The House has again fallen short of passing a funding bill to continue Arkansas's private option Medicaid expansion despite the Senate passing an identical bill earlier in the day.
The House voted 72-25 in favor of House Bill 1150, marking the third time in as many days it has failed to reach the required 75-vote supermajority threshold for passage.
The Senate voted in favor of an identical bill about 11:30 a.m. Thursday, reaching its supermajority with no votes to spare, 27-8.
House Speaker Davy Carter said the House would take up the House and Senate bills when the chamber reconvenes at 10 a.m. Friday. He said he thinks at least one will pass then, but said he is prepared to have more votes next week if necessary.
"This is not unexpected," Carter said. "My position hasn't changed in any form or fashion. So we'll vote tomorrow on the Senate bill and the House bill. I think we're continuing to make progress ... Nothing's changed. That is the bill and it will pass."
The result was expected in the Senate, which had been one apparent vote short of passage until Sen. Jane English, R-North Little Rock, agreed to switch her vote. English announced her decision earlier this week after reaching a a deal to vote yes on the private option in exchange for the creation of a statewide workforce training initiative.
The vote considered less of a sure thing in the House, which on Tuesday and Wednesday voted on an identical funding bill but failed to reach the 75-vote threshold. Seventy representatives voted for it on Tuesday and only 68 on Wednesday.
After the second vote fell short, Carter and Gov. Mike Beebe acknowledged some representatives were believed to be waiting to vote yes on the bill until after the Senate passage.
The Senate's vote — its first on the bill — came after several senators addressed the body, three speaking against the bill and one urging its passage.
Sen. Jim Hendren, R-Gravette, said he wanted to clear up misconceptions about the bill — including that it won't cost the state any money.
"It is a fact that even if Congress keeps their promises, which sometimes they have problems doing, but even if they do that for the next 8 or 10 years, this state will be on the hook for somewhere between $200 and $300 million every year from now on out of general revenue," he said. "And I've had no one to tell me where that money is going to come from."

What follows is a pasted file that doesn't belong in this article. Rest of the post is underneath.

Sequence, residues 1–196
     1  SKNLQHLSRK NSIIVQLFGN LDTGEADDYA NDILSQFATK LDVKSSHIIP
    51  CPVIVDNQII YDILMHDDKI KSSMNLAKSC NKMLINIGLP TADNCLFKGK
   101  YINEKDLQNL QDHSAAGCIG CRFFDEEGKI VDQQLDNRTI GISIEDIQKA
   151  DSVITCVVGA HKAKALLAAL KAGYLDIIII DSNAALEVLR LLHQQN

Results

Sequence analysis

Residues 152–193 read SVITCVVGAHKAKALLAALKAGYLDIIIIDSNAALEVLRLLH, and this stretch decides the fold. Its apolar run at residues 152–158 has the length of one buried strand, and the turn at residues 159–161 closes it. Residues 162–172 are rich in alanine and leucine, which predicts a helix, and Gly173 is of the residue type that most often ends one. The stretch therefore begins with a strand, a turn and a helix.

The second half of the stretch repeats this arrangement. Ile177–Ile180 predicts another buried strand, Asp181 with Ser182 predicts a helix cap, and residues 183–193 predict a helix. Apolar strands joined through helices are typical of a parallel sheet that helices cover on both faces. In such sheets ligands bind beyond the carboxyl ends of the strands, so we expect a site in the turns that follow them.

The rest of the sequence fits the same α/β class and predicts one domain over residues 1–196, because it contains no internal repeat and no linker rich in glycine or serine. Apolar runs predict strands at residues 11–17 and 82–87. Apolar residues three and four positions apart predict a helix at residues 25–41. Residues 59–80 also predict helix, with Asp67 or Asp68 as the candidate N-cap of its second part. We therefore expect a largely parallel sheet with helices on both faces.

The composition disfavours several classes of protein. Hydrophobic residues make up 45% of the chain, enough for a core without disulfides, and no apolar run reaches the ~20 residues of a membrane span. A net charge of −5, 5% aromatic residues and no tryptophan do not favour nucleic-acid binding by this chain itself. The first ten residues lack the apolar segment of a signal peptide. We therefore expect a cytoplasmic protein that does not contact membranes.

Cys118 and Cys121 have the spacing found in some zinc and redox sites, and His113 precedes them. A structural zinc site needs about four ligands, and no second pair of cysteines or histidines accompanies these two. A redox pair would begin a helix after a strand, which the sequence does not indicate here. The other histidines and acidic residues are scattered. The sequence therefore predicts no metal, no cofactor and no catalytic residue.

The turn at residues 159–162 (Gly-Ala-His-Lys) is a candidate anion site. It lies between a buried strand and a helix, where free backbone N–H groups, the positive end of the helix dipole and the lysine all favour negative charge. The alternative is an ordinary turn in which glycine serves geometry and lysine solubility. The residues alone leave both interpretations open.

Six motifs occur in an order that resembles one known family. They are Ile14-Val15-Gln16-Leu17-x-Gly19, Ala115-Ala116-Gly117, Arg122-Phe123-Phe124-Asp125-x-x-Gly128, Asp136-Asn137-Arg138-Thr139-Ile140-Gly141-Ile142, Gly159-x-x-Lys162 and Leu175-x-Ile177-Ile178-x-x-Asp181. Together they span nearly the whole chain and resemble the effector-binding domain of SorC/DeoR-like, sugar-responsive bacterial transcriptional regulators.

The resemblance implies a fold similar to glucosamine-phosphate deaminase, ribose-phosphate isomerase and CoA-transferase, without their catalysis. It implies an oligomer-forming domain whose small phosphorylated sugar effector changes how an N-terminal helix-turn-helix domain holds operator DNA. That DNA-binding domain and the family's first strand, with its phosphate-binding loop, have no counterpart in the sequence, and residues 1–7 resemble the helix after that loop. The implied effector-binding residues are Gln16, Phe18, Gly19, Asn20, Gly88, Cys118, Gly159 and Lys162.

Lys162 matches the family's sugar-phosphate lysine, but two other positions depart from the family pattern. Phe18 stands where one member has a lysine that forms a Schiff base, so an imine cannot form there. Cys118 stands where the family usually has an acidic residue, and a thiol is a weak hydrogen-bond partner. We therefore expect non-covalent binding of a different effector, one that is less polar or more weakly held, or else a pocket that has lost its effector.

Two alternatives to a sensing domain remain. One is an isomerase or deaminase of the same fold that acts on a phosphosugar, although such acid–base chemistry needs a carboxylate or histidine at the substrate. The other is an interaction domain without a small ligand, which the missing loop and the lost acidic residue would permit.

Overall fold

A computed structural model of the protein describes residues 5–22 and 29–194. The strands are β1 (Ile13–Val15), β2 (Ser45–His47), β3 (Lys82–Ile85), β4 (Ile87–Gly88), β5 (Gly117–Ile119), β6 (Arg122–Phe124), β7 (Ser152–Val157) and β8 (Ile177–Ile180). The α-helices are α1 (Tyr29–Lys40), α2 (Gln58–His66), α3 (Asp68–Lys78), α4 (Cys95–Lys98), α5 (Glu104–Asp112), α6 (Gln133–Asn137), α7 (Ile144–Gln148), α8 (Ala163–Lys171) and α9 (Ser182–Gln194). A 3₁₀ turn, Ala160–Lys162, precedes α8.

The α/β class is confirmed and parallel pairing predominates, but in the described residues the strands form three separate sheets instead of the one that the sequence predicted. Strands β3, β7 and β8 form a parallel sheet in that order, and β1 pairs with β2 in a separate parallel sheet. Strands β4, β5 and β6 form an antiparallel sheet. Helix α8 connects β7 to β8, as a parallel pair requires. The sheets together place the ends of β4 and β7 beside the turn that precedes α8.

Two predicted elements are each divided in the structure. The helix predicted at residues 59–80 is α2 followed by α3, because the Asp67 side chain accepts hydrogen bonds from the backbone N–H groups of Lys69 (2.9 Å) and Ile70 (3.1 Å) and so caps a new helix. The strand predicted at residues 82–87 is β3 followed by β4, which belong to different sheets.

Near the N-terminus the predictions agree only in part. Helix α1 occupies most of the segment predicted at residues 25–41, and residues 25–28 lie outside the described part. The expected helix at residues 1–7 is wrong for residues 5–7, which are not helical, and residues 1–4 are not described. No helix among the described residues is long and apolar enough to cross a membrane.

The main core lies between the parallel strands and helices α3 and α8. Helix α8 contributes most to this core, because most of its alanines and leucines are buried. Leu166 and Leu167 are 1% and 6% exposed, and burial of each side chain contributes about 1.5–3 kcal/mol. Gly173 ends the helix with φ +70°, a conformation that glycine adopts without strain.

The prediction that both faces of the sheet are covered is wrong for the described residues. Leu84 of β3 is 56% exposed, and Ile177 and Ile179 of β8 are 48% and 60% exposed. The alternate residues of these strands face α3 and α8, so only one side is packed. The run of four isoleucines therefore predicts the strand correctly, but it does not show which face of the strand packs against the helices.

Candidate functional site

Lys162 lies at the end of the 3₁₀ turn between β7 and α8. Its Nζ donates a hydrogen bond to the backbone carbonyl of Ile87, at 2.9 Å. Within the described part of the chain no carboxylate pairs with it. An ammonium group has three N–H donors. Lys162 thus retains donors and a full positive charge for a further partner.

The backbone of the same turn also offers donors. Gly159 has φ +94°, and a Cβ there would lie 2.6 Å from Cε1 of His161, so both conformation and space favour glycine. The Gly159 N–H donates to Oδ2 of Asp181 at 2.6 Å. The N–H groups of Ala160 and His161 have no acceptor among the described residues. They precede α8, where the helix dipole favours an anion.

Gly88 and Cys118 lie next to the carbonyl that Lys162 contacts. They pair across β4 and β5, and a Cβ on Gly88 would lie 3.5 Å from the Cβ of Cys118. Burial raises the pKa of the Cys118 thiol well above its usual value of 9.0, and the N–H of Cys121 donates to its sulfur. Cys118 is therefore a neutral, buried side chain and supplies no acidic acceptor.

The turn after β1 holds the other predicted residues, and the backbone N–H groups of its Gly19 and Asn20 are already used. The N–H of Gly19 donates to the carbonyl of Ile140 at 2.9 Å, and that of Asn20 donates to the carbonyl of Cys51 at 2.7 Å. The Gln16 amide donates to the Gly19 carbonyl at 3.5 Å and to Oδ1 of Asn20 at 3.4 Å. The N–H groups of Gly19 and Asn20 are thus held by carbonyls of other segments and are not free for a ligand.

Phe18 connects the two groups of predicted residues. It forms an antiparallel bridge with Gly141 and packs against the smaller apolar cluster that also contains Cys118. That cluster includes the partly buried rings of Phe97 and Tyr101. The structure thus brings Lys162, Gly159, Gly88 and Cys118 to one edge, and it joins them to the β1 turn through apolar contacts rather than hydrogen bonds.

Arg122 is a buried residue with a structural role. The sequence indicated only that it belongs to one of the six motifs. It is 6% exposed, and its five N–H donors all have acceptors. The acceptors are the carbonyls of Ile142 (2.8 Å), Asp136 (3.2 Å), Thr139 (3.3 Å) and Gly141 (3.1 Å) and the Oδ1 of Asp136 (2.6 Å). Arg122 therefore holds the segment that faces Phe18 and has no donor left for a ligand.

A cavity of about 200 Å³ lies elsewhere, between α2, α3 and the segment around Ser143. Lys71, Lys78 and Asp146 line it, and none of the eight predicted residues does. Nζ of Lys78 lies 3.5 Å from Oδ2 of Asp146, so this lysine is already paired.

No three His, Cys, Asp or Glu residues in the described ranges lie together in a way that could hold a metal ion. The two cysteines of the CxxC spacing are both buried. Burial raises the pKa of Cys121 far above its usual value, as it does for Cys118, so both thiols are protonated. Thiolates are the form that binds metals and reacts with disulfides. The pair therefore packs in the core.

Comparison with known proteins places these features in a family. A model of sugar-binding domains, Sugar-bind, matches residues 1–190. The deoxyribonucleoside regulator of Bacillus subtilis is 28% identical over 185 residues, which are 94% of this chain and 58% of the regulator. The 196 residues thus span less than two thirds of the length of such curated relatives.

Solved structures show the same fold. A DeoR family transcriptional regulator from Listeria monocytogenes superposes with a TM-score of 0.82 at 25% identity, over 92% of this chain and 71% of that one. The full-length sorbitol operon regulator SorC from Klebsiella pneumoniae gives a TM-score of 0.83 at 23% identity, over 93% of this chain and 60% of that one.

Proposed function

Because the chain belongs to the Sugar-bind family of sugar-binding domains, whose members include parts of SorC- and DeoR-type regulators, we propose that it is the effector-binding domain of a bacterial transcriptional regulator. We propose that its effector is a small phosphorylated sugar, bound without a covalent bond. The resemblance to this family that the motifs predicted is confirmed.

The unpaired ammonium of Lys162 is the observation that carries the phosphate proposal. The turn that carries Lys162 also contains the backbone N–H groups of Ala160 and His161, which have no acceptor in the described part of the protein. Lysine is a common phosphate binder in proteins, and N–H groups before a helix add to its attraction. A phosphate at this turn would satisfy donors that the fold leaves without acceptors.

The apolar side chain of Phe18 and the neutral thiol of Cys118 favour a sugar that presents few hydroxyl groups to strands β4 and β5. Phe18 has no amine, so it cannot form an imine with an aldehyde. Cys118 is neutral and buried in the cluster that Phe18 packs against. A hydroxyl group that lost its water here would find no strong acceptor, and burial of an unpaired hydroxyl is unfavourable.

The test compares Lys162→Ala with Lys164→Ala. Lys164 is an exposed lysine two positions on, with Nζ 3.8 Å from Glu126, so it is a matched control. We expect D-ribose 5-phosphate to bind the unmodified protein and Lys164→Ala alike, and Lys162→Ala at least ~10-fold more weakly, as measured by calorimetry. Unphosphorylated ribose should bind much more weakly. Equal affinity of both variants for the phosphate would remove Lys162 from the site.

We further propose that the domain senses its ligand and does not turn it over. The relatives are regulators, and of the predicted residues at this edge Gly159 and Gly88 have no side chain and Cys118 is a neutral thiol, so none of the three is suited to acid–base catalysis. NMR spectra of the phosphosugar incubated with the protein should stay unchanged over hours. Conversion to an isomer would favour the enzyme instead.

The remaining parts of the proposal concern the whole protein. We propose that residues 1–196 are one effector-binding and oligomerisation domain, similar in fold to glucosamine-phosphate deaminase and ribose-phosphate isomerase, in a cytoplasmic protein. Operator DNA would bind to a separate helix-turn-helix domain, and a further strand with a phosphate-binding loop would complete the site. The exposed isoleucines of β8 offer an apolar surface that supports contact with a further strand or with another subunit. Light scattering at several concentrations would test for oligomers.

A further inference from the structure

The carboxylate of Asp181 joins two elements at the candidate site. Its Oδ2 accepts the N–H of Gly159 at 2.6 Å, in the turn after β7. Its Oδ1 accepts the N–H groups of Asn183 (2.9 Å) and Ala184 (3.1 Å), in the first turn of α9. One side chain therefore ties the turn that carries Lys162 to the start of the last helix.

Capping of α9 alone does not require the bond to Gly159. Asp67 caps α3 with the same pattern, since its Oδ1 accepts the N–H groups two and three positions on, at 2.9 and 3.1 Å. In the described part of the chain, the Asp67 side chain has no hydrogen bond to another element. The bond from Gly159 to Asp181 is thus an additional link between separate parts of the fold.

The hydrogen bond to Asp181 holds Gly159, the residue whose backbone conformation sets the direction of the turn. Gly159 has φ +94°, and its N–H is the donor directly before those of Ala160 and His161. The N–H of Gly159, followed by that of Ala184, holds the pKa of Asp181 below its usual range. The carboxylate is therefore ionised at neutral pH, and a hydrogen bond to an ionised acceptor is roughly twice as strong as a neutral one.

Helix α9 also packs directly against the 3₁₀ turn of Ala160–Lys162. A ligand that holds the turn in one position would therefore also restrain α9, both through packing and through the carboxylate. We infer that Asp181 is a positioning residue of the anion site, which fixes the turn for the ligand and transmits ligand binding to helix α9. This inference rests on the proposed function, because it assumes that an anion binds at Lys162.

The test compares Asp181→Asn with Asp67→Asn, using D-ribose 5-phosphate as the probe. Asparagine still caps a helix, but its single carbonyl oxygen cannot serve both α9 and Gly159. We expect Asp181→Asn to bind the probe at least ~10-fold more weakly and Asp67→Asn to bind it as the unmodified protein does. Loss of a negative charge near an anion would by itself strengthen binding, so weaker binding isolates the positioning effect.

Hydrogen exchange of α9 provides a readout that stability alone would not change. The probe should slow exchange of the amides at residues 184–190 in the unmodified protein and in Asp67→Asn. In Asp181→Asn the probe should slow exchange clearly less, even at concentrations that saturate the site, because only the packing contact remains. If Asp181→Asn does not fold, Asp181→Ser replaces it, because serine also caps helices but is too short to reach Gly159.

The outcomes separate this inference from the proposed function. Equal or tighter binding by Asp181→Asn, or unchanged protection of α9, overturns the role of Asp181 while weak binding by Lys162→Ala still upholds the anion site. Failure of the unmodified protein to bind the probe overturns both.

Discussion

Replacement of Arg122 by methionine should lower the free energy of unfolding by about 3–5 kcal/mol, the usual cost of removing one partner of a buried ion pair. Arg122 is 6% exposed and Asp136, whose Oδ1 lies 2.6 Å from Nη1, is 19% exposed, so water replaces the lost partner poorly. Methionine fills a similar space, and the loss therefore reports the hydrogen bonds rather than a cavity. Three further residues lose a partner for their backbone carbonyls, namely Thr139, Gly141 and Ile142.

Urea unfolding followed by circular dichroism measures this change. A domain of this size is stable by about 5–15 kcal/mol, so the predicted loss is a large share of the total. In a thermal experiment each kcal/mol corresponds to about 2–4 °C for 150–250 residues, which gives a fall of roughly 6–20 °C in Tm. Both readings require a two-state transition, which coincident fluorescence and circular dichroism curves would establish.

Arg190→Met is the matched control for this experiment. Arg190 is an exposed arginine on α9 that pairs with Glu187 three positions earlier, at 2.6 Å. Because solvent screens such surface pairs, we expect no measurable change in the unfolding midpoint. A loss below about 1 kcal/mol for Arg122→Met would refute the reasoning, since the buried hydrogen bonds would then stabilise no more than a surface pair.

Sen. Alan Clark, R-Lonsdale, called the private option Medicaid expansion "one of the worst socioeconomic policies in the history of our state that we will live to regret."
"As much as I love you guys, you will learn what my family already knows," he said as he closed his remarks. "I am very good at saying 'I told you so.'"
But Sen. Stephanie Flowers, D-Pine Bluff, asked the body to think about what they would do if a member of their family got sick and didn't have health insurance.
"How do you think you're going to defend against it," she said. "Wouldn't it make sense for you to protect your child, your grandchild, by giving that poor person health care?"
The private option narrowly passed last year but since lost at least two votes in the Senate. State Sen. Missy Irvin, R-Mountain View, has said she will vote against it this year after supporting it in 2013. And Sen. John Cooper, R-Jonesboro, who was elected in a special election, opposes the private option. His predecessor, Sen. Paul Bookout, supported it.
Carter vowed at the start of the fiscal session last week that the private option would pass both the House and Senate, adding that failing to do so would create an about $90 million hole in the budget. After the failed vote Tuesday, he said the House would continue to vote — and would not engage in further negotiations — until it passed.
The private option plan allows the state to buy private insurance for Arkansans with incomes of up to 138 percent of the poverty level using federal Medicaid money.
The program initially is covered entirely by federal funds, but the state by 2020 would have to pay for 10 percent of it.
See Friday's Arkansas Democrat-Gazette for full coverage.